During the Second World War half of the Black Sea Fleet was destroyed, particularly in Odesa and Sevastopol. The fleet recovered its prewar strength only in 1950. Since then the capacity of the freight and passenger fleet has been constantly increasing: 19 million tonnes in 1960, 29 million in 1965, 38.2 million in 1970, and 50.3 million in 1978 (ie, 33 percent of the USSR's total shipping and 2 percent of the world total). The fleet is fully modernized. Modern vessels are built at the shipyards of Odesa, Mykolaiv, Kherson, and Kerch (see Shipbuilding) and also in foreign ports. The ports have been modernized, and a large port—Illichivsk—has been built near Odesa. Foreign shipping has increased and is carried on by the Black Sea Fleet, with Odesa as the main port. The growth of shipping is evident from the following figures: 16.6 billion tonne-miles were reached in 1960, 95.0 billion in 1972, and 100.5 billion in 1978. As before the war, Greek, British, French, Italian, and other ships participate in the shipping on the Black Sea. The Dnipro-Black Sea-Danube water route is very important. In the small cabotage the carrying to Odesa of coal from Mariupol, as well as oil and manganese from the Caucasian ports of Poti, Tuapse, and Batumi is particularly significant. Odesa is the leading port for passenger transportation. It is connected by ship via the Black Sea to all the great ports, such as Marseilles, Venice, and Beirut and, via the Danube River, with Budapest, Belgrade, and Vienna.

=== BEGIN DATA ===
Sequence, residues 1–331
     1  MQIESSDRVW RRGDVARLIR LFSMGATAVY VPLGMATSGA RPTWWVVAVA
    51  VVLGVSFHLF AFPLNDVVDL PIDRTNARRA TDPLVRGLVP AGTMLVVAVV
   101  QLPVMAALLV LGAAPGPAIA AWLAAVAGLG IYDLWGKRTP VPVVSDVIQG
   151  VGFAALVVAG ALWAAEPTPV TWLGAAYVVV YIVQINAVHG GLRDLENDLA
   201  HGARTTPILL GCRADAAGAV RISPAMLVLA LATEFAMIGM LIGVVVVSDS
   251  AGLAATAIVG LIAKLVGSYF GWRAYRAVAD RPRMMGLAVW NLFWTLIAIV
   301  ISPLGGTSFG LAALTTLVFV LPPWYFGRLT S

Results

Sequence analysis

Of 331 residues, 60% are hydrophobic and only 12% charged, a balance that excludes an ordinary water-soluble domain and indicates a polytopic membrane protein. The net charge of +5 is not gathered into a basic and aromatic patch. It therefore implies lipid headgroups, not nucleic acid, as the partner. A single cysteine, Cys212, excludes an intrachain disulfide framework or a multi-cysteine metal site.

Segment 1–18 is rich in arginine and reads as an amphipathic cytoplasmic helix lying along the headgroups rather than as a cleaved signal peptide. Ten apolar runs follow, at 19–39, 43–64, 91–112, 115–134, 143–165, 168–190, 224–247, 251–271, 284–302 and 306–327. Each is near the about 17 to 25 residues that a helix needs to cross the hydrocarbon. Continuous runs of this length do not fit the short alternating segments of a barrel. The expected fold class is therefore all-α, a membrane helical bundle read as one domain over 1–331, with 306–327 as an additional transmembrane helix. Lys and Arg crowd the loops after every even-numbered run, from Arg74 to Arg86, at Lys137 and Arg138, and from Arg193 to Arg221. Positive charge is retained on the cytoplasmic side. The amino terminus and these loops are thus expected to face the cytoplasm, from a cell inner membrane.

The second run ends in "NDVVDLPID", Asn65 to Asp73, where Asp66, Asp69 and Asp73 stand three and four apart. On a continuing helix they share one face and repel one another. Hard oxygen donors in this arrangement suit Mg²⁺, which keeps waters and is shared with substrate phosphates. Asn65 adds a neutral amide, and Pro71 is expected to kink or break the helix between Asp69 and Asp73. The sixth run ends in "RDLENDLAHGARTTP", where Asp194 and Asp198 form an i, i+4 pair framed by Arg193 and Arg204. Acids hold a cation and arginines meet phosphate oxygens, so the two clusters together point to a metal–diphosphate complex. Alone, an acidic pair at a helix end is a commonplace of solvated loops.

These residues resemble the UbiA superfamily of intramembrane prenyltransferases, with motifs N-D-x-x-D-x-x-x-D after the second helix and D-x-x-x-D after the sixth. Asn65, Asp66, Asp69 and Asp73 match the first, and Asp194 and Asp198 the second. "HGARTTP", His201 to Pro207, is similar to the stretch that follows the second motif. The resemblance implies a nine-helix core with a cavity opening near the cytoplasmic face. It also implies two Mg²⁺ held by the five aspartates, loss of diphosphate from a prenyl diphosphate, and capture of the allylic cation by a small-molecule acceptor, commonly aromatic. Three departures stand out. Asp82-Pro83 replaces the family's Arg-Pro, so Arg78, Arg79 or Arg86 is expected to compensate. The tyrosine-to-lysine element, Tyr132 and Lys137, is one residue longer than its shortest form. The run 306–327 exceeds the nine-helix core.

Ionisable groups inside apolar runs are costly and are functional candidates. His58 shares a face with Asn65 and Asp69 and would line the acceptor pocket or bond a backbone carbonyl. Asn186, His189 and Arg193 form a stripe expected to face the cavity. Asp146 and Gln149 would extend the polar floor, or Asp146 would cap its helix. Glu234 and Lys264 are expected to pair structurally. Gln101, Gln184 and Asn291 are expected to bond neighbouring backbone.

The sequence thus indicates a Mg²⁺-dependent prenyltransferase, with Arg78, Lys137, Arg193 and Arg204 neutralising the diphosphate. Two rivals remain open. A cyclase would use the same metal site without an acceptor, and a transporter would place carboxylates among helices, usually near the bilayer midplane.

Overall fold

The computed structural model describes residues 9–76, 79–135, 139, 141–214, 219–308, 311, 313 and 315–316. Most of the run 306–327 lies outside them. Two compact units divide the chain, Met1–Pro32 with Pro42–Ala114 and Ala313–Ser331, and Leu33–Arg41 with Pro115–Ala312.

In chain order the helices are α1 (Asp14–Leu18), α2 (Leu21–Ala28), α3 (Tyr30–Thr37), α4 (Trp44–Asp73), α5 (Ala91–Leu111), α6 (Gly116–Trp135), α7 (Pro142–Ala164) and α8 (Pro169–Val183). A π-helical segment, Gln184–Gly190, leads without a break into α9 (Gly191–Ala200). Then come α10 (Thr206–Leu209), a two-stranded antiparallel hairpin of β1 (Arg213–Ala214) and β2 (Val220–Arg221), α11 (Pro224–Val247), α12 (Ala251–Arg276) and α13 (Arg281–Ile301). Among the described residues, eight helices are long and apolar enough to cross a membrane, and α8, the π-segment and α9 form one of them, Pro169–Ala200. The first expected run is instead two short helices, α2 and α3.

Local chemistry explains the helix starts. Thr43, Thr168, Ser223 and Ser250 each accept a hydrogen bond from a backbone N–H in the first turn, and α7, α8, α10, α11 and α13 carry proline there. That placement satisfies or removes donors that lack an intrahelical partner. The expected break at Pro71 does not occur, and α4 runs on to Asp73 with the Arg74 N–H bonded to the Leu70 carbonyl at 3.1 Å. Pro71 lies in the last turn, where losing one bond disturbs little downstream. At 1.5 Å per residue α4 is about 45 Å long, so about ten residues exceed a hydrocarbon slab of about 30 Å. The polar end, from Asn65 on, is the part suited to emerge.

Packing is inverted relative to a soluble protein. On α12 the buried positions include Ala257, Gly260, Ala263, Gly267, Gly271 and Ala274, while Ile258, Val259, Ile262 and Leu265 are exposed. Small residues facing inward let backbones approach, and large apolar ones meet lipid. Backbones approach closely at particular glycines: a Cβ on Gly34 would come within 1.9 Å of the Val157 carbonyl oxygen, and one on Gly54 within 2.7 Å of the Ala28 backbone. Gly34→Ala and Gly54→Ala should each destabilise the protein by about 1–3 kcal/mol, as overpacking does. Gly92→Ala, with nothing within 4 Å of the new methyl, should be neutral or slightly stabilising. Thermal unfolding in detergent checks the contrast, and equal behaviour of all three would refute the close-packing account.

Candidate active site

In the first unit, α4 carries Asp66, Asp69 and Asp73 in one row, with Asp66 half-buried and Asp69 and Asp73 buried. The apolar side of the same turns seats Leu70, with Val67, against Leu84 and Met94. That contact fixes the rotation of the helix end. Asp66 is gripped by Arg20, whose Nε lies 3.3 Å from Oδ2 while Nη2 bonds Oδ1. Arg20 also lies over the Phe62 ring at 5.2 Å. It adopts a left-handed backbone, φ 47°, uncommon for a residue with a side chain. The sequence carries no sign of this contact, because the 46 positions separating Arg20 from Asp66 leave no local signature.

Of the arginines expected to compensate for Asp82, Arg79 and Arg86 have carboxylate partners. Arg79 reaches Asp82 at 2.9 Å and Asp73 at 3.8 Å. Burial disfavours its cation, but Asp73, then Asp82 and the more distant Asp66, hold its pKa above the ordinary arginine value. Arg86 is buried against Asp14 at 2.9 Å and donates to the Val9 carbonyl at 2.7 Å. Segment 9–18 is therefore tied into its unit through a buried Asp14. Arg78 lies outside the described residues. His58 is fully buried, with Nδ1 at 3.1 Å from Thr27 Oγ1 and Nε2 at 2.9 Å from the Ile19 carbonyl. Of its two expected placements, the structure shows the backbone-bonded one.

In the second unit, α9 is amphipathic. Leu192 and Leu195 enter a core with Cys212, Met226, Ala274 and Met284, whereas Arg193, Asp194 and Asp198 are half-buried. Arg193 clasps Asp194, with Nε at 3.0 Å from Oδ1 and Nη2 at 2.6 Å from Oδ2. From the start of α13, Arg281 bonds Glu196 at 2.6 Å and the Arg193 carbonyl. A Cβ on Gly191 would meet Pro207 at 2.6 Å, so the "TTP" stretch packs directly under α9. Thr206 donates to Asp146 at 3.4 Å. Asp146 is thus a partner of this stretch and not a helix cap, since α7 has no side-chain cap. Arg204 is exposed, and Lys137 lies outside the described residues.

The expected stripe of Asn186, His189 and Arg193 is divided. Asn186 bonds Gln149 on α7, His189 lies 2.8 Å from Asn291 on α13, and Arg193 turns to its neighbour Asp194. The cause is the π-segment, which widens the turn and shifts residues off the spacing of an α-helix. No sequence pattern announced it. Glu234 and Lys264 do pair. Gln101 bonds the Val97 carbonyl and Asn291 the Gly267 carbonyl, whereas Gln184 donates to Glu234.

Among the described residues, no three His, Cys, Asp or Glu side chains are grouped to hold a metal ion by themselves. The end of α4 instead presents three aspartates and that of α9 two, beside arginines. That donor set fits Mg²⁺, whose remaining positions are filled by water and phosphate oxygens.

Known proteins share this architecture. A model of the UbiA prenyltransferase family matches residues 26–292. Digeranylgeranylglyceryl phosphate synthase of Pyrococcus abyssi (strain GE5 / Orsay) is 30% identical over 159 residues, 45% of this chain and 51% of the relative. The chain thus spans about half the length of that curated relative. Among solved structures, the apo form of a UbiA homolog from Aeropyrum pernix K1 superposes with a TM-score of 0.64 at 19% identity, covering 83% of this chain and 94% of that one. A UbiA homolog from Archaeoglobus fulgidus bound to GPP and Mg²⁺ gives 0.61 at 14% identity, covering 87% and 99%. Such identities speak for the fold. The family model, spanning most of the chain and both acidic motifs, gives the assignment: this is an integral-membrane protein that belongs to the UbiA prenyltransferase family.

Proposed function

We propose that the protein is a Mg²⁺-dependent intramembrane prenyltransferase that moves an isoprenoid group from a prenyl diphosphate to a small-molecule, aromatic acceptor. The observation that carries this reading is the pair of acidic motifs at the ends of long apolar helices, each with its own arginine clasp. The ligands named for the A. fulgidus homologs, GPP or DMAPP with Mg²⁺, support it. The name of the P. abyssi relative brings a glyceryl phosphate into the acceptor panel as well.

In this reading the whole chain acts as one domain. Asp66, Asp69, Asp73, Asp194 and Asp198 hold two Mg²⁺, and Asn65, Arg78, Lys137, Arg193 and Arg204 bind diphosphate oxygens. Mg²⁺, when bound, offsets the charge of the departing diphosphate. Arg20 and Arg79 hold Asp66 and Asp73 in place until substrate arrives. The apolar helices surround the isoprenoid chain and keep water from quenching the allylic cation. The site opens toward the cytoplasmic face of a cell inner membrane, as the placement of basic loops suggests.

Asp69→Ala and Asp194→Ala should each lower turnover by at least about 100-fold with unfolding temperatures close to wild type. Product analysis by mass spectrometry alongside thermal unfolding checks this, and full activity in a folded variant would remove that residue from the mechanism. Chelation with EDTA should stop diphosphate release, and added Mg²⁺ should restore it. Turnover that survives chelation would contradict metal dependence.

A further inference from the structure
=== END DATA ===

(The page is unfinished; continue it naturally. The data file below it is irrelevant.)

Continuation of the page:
Odesa has been the largest port since the beginning of the 19th century. In 1973 it handled almost 20 million tonnes of cargo, half of which consisted of imports or exports. (See map: Southern Port. The largest cargo consists of oil and oil products, followed by ores, coal, metals, and chemicals. Twenty-five kilometers from Odesa lies the second largest port—Illichivsk—which was built in 1950 as a branch of Odesa but since 1963 has been independent. These two ports handled one-sixth of the freight in the Soviet Black Sea ports. The third largest port is Kherson, at the mouth of the Dnipro River. It is a transfer point for Dnipro sea and railway freight as well as an important passenger terminal. From Mykolaiv manganese ore, iron ore, and coal are shipped. Mykolaiv and Sevastopol serve as naval bases. Also important are the Crimean ports of Kerch, Teodosiia, and Yevpatoriia. The ports of Izmail and Reni are located at the mouth of the Danube River. On the north Caucasian coast, outside Ukraine, the main port is Novorossiisk, which handles mostly oil and cement. The construction of a long water reservoir and hydroelectric station on the Dnister River near Sokyriany, Chernivtsi oblast, opened the region of Subcarpathia to Black Sea shipping.